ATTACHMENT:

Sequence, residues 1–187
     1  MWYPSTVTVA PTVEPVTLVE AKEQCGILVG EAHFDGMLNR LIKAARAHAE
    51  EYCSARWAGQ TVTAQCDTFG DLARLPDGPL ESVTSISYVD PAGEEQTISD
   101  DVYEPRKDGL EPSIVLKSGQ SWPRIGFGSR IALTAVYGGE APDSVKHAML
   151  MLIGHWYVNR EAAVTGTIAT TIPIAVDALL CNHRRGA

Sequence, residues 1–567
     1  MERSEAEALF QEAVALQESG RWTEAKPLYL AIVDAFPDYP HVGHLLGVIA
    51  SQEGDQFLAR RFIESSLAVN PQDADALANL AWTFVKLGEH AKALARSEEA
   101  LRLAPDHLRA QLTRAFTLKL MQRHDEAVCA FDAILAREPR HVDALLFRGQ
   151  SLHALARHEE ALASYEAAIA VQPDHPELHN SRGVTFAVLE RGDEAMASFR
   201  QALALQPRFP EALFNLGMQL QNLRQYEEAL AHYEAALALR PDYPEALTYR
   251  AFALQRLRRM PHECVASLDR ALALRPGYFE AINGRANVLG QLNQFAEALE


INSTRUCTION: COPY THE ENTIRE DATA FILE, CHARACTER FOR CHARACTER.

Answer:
Sequence, residues 1–187
     1  MWYPSTVTVA PTVEPVTLVE AKEQCGILVG EAHFDGMLNR LIKAARAHAE
    51  EYCSARWAGQ TVTAQCDTFG DLARLPDGPL ESVTSISYVD PAGEEQTISD
   101  DVYEPRKDGL EPSIVLKSGQ SWPRIGFGSR IALTAVYGGE APDSVKHAML
   151  MLIGHWYVNR EAAVTGTIAT TIPIAVDALL CNHRRGA

Sequence, residues 1–567
     1  MERSEAEALF QEAVALQESG RWTEAKPLYL AIVDAFPDYP HVGHLLGVIA
    51  SQEGDQFLAR RFIESSLAVN PQDADALANL AWTFVKLGEH AKALARSEEA
   101  LRLAPDHLRA QLTRAFTLKL MQRHDEAVCA FDAILAREPR HVDALLFRGQ
   151  SLHALARHEE ALASYEAAIA VQPDHPELHN SRGVTFAVLE RGDEAMASFR
   201  QALALQPRFP EALFNLGMQL QNLRQYEEAL AHYEAALALR PDYPEALTYR
   251  AFALQRLRRM PHECVASLDR ALALRPGYFE AINGRANVLG QLNQFAEALE